Mitral valve endocarditis (MVE): A Rare Manifestation in Lyme Disease
Mitral valve endocarditis (MVE) is a condition in which one or both mitral valve leaflets become infected. It can be caused by a variety of diseases, although the most frequent is bacterial. Lyme Disease causing Mitral Valve Endocarditis is a rare occurrence.
Infective endocarditis (IE) is one of the most common causes of acute mitral valve failure in developed countries. According to some reports, the annual prevalence of IE is 3 to 9 instances per 100,000 people, with 40% of those cases involving the mitral valve and valve failure.
Current evidence on the therapy and management strategy for MVE, on the other hand, is mixed and frequently dependent on personal experiences of doctors. As a result, clinicians have created a systematic approach to endocarditis care based on clinical, microbiological, and anatomopathological characteristics that have been shown to influence postoperative outcomes. The ultimate goal was to stratify the patients in order to aid decision-making. Doctors recommend a systematic use of a coordinated multidisciplinary strategy in the diagnostic workup of MVE and emphasise the importance of early surgical referral, especially when conditions of high-risk of embolization or clinical worsening are present despite effective antibiotic therapy.
For individuals with native valve endocarditis (NVE) or pericardial valve endocarditis (PVE), the timing of surgical correction is critical. Delaying surgery raises the risk of complications as well as the risk of operational mortality and morbidity. Unfortunately, most surgeons discover that patients with IE are only referred to cardiologists or other hospitals when medicinal therapy has failed, when patients have intractable heart failure, or when patients have had a severe stroke or multisystem organ failure. In some cases, there is a lack of understanding of the surgical challenges, the resulting complications, and the clinical course of these cases following the operation; this, combined with the difficulty in identifying the pathogen, leads to a delay in surgical referral, with patients offered surgery at a late stage in significantly compromised clinical conditions and a higher intraoperative risk. As a result, early engagement of an expert cardiac surgeon is critical in determining the optimum surgical strategy and timing for patients with MVE. For example, during the first two weeks of antibiotic therapy and in those with left-sided IE, particularly in the mitral position, the risk of stroke is much increased. Furthermore, the option of repairing rather than replacing the mitral valve can only be considered after a thorough debate among expert surgeons and echocardiologists. Because mitral valve repair has a higher long-term survival and functional prognosis than valve replacement,a multidisciplinary approach to MVE treatment is critical to its effectiveness.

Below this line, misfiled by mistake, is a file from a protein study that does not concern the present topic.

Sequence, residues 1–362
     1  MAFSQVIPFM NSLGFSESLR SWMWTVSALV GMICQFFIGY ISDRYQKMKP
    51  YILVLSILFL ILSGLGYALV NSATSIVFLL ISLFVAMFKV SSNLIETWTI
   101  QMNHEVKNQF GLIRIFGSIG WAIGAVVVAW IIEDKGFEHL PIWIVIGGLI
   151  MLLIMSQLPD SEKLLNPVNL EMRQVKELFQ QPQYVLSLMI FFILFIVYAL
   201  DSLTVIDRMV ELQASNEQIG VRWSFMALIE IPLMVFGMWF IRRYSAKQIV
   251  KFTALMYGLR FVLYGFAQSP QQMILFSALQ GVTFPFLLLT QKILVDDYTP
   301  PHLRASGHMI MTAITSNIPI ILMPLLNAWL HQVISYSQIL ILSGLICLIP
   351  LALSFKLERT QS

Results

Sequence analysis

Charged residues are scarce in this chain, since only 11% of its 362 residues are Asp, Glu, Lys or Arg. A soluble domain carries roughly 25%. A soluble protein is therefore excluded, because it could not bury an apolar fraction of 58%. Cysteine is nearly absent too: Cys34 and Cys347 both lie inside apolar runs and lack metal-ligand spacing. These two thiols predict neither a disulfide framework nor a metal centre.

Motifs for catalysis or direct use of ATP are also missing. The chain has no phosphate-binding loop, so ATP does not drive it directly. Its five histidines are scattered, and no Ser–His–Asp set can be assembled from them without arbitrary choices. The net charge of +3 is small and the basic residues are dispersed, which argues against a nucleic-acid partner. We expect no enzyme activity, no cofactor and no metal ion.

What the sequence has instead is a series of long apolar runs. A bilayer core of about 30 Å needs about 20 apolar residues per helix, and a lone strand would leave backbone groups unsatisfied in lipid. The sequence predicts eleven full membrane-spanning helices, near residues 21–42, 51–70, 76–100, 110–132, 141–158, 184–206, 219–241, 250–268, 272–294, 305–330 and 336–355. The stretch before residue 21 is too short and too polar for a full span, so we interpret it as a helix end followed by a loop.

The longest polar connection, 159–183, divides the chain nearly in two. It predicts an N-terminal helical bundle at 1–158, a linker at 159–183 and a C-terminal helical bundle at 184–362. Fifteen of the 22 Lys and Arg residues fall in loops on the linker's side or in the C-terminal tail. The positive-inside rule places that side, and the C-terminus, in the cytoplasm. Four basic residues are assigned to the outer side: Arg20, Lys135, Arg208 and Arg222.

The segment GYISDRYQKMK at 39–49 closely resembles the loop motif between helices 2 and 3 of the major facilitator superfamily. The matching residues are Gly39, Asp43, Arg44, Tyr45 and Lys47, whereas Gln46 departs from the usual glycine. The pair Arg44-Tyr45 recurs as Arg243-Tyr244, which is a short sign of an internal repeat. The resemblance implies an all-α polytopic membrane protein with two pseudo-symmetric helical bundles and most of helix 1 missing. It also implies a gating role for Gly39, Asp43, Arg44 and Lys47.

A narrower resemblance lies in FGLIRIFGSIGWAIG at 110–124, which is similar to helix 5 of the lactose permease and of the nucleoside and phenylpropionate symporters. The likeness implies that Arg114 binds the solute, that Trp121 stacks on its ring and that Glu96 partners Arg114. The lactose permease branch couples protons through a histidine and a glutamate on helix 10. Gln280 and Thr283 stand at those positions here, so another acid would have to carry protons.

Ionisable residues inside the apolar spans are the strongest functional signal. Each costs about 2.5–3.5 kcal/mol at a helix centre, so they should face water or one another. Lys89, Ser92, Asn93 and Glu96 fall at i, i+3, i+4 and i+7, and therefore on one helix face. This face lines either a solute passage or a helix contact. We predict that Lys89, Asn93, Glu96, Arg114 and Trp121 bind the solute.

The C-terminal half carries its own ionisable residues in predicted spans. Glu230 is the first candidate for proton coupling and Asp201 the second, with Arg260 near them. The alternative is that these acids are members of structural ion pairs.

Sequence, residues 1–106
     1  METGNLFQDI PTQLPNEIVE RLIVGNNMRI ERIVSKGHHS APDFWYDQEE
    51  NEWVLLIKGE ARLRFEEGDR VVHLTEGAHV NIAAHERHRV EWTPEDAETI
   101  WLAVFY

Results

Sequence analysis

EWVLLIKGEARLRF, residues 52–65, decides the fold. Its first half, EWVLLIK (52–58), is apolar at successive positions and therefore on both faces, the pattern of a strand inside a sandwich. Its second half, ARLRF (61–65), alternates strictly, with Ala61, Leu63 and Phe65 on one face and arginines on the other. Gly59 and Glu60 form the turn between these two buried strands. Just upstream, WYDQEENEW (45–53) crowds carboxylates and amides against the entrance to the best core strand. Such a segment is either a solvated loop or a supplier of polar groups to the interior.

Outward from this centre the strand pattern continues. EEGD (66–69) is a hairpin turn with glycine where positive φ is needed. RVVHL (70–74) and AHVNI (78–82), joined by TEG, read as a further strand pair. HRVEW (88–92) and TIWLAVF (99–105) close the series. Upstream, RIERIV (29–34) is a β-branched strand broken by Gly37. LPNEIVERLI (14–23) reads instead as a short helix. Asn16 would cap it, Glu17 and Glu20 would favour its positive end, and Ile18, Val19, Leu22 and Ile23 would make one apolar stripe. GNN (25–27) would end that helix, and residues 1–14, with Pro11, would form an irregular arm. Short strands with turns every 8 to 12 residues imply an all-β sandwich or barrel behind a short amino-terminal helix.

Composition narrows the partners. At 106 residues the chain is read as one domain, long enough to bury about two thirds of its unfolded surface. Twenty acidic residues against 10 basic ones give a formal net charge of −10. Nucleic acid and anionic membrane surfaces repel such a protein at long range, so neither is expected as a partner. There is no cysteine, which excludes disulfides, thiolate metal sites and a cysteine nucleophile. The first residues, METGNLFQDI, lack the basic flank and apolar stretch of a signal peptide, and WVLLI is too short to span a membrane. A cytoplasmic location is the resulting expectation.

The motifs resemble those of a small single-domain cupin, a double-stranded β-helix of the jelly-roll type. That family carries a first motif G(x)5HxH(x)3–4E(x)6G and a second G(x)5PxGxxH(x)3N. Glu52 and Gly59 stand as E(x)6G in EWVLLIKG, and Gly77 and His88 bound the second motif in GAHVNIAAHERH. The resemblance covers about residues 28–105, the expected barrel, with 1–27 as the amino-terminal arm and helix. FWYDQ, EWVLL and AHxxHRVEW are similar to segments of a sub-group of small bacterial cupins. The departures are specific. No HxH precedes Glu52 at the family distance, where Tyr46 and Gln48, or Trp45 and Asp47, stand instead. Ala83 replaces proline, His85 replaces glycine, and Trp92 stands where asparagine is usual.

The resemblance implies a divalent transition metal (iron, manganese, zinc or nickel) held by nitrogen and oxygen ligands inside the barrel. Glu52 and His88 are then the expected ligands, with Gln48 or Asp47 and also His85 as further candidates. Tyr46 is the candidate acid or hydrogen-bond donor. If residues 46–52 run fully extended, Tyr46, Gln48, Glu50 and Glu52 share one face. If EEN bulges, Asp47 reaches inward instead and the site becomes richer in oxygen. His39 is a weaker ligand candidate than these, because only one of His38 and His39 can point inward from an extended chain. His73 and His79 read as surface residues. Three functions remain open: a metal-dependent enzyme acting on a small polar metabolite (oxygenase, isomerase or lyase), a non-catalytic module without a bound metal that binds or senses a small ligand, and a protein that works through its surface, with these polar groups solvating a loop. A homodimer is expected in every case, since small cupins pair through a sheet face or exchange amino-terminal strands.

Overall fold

The goal of surgery is to restore mitral valve function while avoiding the danger of bacterial embolism during infection clearance.
Conservative surgery is possible if only one leaflet or scallop is involved. Mitral valve repair aims to eliminate vegetation while restoring a normal line of coaptation on both leaflets, repair perforated leaflets, and retain the subvalvular apparatus. Excision of the vegetation, also known as vegetectomy, can be done on the leaflet's cleavage plane. The use of a pericardial patch to reinforce leaflets is preferable to direct stitching of the lesion because it avoids stress on the suture line. The extent of tissue loss determines the viability of valve repair. The best candidates are those with a minimal current illness and no valve damage. The main challenges to mitral repair are extensive anterior leaflet damage, severe lesions involving the posterior leaflet or the mitral valve commissures, and annular abscesses.